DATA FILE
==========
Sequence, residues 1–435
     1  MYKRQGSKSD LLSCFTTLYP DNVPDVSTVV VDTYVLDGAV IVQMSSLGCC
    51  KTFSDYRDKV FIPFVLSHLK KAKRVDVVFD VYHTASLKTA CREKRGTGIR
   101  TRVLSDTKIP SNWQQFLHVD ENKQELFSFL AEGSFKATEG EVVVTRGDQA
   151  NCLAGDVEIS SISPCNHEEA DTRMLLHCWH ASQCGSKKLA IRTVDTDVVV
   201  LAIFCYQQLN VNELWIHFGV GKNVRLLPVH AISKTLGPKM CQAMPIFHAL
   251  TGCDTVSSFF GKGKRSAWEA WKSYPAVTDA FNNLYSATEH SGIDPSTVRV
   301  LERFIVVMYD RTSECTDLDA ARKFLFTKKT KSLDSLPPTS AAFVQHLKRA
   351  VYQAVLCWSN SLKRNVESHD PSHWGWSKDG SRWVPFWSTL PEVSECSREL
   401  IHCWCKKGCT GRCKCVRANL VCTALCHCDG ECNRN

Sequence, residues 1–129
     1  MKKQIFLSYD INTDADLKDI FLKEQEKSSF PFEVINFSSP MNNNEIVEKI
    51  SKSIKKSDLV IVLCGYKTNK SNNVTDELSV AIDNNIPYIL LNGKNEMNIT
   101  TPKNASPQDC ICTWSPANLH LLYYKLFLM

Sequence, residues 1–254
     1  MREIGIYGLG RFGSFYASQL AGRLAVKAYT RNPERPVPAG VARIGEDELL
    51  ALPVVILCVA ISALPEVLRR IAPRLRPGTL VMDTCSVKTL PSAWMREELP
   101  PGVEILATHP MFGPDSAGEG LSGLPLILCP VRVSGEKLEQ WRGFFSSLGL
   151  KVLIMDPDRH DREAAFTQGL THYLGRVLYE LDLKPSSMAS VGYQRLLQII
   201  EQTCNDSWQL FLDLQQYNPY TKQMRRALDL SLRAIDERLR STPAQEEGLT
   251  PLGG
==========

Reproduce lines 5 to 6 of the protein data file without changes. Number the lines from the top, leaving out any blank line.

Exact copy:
   151  NCLAGDVEIS SISPCNHEEA DTRMLLHCWH ASQCGSKKLA IRTVDTDVVV
   201  LAIFCYQQLN VNELWIHFGV GKNVRLLPVH AISKTLGPKM CQAMPIFHAL